On June 23, 2016, a wildfire started in Lake Isabella and basically raced on the wind from there to Kelso Valley over the following days. The fire moved so quickly, that many residents of Squirrel Valley and South Lake did not even know there was a fire until the flames were upon them. The high winds allowed the fire to launch flaming embers upon cresting ridge lines of mountains and hills.
The fire affected everyone. The hardest hit neighborhoods were in the community of South Lake. This was a close-knit retirement type community with seniors living in mobile homes surrounded by nicely decorated little fenced yards. I was asked to take photos of a girl's grandfather's house. As I did this and the other photos, tears frequently filled my eyes. The vast destruction is not what brought on the tears. What brought the tears was the surviving signs of happy lives now swept away: The pair of lawn art deer smiling at me, the basketball resting against a fence, a garden hose ready to fight the fire, a metal cactus standing tall, and American flags placed there by residents after the fire.
These photos are not for sale. For anyone who lived there or had family living in the area, I will give either the print or possibly an image file.
The story of this community needs to be told. The governor asked for the President's help in declaring a federal disaster. Some of these people had very little to start with, and now their homes are lost. Some had no insurance. I am hoping that these photos can bring home the devastation to anyone who has not been over to the area.
Although South Lake was hit the hardest, almost everyone in the valley suffered in some way either personally or in worrying about all of their friends in the area or by trying to help the victims. Businesses in the area were closed for at least a week. They lost revenue and their employees lost wages. Power and water were off for about a week. Everyone whose power was out lost all their food. Stores and restaurants in the area lost all their food and had disinfecting to do. Water was said to have bacteria, so this had to be boiled prior to use once the wells were back up and running. Hot spots kept popping back up, and those had to be extinguished often by the residents of the closest houses. Ash remained everywhere. Even now, every time the wind blows, it smells like another fire is starting. Many people have stories of running from the fire, fighting the fire, or helping people or animals escape from the fire.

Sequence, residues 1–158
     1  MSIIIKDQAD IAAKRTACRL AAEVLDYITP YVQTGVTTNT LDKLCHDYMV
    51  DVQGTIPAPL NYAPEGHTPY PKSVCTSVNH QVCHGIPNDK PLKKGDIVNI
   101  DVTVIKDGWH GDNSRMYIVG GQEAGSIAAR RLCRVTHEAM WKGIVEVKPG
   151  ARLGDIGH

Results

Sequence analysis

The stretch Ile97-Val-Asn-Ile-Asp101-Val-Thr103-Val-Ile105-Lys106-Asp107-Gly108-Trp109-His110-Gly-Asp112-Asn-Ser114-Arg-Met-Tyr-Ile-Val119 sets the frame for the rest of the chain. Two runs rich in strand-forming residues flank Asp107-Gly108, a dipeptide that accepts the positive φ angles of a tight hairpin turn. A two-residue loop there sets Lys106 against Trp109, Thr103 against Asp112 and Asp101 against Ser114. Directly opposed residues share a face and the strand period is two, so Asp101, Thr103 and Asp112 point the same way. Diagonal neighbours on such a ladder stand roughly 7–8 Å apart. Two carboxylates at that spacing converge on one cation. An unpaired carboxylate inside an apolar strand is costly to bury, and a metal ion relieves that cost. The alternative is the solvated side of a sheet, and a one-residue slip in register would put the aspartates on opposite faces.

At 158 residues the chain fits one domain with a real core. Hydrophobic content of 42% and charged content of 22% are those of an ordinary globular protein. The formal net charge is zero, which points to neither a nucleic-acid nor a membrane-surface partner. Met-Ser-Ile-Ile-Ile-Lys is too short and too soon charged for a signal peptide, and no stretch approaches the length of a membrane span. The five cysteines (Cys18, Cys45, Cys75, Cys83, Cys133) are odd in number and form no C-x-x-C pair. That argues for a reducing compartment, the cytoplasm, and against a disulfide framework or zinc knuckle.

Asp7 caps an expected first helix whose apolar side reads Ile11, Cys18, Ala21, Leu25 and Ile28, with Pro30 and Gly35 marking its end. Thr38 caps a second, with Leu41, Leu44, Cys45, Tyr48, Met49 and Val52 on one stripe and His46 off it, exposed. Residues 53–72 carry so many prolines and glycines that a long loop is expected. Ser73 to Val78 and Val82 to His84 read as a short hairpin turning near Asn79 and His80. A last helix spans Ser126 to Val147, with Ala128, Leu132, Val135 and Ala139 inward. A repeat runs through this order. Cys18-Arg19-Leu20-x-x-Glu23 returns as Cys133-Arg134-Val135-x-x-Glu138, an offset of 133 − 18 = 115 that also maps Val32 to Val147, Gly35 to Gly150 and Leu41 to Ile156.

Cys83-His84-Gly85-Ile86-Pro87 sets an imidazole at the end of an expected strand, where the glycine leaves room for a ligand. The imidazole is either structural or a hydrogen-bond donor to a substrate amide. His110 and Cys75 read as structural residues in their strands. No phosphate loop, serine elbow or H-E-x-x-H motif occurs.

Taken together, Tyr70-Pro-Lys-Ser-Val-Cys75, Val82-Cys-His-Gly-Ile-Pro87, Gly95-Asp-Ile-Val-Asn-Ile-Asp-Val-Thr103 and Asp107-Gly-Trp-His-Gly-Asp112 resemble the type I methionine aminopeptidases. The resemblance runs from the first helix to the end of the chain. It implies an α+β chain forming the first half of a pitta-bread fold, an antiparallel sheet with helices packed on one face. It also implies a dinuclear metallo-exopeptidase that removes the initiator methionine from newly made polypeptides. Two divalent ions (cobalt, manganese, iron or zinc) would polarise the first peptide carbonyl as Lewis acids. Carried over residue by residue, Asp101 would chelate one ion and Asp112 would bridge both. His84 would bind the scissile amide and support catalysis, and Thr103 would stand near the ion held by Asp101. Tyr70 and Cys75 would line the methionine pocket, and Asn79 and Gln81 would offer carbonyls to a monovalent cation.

South Lake, a busy and happy community, now stretches up the hill as charred ruins. Scattered areas of Squirrel Valley show charred chimneys surrounded by rubble. Mt. Mesa lost a home, and Kelso Valley lost homes.
Keywords:Creek, Erskine, Fire, Lake, South
© Copyright by Corri Gryting Gutzman, 2011. All Rights Reserved, US and International.